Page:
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Wo to the conqu’ring, not the conquer'd host, Since baffled Triumph droops on Lusitania's coast !
XXVI. And ever since that martial synod met, Britannia sickens, Cintra! at thy name ; And folks in office at the mention fret, And fain would blush, if blush they could, for
shame. How will posterity the deed proclaim ! Will not our own and fellow-nations sneer, To view these champions cheated of their fame,
By foe's in fight o’erthrown, yet victors here, Where scorn her finger points thro' many a coming
XXVII. So deem'd the Childe, as'o'er the mountains he Did take his way in solitary guise ; Sweet was the scene, yet soon he thought to flee, More restless than the swallow in the skies: Though here awhile he learn’d to moralize, For meditation fix'd at times on him ; And conscious reason whisper'd to despise
His early youth, mispent in maddest whim; But as he gazed on truth his aching eyes grew him.
Ere toil his thirst for travel can assuage, (sage. Or he shall calm his breast, or learn experience
XXIX. Yet Mafra sball one moment claim delay, (5) Where dwell of yore the Lusian's luckless queen ; And church and court did mingle their array, And mass and revel were alternate seen; Lordlings and freres--ill-sorted fry I ween! But here the Babylonian whore hath built A dome, where flaunts she in such glorious sheen,
That men forget the blood which she hath spilt, And bow the knee to Pomp that loves to varnish
XXX. O'er vales that teem with fruits, romantic hills, (Oh, that such hills upbeld a freeborn race!) Whereon to gaze the eye with joyance fills, Childe Harold, wends through many a pleasant
place, Though sluggards deem it but a foolish chase, And marvel men should quit their easy chair, The toilsome way, and long, long league to trace,
Oh! there is sweetness in the mountain air, And life, that bloated Ease can never hope to share.
XXXI. More bleak to view the hills at length recede, And, less luxuriant, smoother vales extend : Immense horizon-bounded plains succeed! Far as the eye discerns, withouten end, Spain's realm's appear whereon her shepherds
tend Flocks, whose rich fleece right well the trader
knowsNow must the pastor's arm bis lambs deferid:
For Spain is compass'd by unyielding foes, And all must shield their all, or share Subjection's XXXII, Where Lusitania and her sister meet, Deem ye what bounds the rival realms divide? Or ere the jealous queens of nations greet, Doth Tayo interpose his mighty tide ? Or dark Sierras rise in craggy pride? Or fence of art, like China's vasty wall ?Ne barrier wall, ne river deep and wide,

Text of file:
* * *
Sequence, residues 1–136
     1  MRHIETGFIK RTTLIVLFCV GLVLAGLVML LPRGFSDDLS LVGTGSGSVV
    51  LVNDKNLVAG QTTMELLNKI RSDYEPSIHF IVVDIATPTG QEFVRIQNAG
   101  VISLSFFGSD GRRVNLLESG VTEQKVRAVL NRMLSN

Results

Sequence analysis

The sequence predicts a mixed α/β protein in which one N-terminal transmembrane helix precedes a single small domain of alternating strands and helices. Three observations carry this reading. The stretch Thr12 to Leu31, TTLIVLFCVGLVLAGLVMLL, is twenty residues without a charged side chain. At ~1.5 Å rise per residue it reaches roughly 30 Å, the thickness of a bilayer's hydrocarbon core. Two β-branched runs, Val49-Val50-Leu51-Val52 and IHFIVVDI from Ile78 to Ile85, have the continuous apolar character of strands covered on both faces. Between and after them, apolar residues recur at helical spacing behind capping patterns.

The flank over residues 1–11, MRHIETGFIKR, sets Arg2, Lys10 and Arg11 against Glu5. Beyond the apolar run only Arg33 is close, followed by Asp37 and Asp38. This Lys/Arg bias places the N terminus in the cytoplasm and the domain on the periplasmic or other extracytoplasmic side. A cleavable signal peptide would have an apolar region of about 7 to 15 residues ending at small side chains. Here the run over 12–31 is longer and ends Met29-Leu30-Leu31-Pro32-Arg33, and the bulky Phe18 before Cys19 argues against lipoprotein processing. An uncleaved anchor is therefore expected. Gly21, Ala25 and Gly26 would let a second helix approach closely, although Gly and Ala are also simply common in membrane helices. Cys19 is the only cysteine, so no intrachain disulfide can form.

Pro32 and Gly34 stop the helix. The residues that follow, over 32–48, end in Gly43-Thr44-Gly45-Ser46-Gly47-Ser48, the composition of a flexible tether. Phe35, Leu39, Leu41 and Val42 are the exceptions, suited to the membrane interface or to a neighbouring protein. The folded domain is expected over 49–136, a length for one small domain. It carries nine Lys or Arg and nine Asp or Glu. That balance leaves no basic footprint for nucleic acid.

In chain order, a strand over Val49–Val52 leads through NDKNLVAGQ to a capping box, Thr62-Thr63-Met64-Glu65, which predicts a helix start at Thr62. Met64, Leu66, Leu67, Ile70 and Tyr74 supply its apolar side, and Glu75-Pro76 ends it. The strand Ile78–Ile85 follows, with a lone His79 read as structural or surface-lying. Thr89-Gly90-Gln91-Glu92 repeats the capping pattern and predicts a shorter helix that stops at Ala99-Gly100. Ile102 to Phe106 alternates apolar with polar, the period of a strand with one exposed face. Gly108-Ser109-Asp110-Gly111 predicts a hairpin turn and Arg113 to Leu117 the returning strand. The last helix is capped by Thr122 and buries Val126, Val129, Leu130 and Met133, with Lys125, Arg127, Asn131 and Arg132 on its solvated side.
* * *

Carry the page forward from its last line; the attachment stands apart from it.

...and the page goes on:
Ne horrid crags, nor mountains dark and tall, Rise like the rocks that part Hispania's land from
XXXIII. But these between a silver streamlet glides, And scarce a name distinguisheth the brook, Though rival kingdoms press its verdant sides. Here leans the idle shepherd on his crook, And vacant on the ripling waves doth look, That peaceful still 'twixt bitterest foemen flow; For proud each peasant as the noblest duke:
Well doth the Spanish hind the difference know "Twixt him and Lusian slave, the lowest of the
XXXIV. But ere the mingling bounds have far been pass'd Dark Guardiana rolls his power along In sullen billows, murmuring and vast, So noted ancient roundelays among. Whilome upon his banks did legions throng Of Moor and knight, in mailed splendour drest : Here ceased the swift their race, here sunk the
strong; The Paynim turban and the Christian crest Mix'd on the bleeding stream, by floating hosts op
pale, While Afric's echoes thrill'd with Moorish matrons'
XXXVI, Teems not each ditty with the glorious tale? Ah! such, alas! the hero's amplest fate! When granite moulders and when records fail, A peasant's plaint prolongs his dubious date. Pride! bend thine eye from heaven to thine
estate, See how the Mighty shrink into a song ! Can Volume, Pillar, Pile, preserve thee great ?
Or must thou trust Tradition's simple tongue, When Flattery sleeps with thee, and History does
XXXVII. Awake, ye sons of Spain ! awake! advance ! Lo! Chivalry, your ancient goddess, cries, But wields not, as of old, her thirsty lance, Nor shakes her crimson plumage in the skies : Now on the smoke of blazing bolts she flies, And speaks in thunder through yon engine's roar : In every peal she calls—" Awake! arise !"
Say, is her voice more feeble than of yore, When her war-song was heard on Andalusia's shore?
XXXVIII. Hark! heard you not those hoofs of dreadful note? Sounds not the clang of conflict on the heath? Saw ye not whom the reeking sabre smote ; Nor saved your brethren ere they sank beneath Tyrants and tyrants’ slaves ?—the fires of death, The bale-fires flash on high :~from rock to rock Each volley tells that thousands cease to breathe ;
Death rides upon the sulphury Siroc, Red Battle stamps his foot, and nations feel the
XXXIX. Lo! where the Giant on the mountain stands, His blood-red tresses deep’ning in the sun, With death-shot glowing in his fiery hands, And eye that scorcheth all it glares upon ; Restless it rolls, now fix'd, and now anon Flashing afar,—and at his iron feet Destruction cowers to mark what deeds are done;
For on this morn three potent nations meet, To shed before his shrine the blood he deems most
XL. By Heaven! it is a splendid sight to see (For one who hath no friend, no brother there) Their rival scarfs of mix'd embroidery, Their various arms that glitter in the air! What gallant war-hounds rouse them from their
lair, And gnash their fangs, loud yelling for the prey! Al join the chase, but few the triumph share;
The Grave shall bear the chiefest prize away, And Havoc scarce for joy can number their array,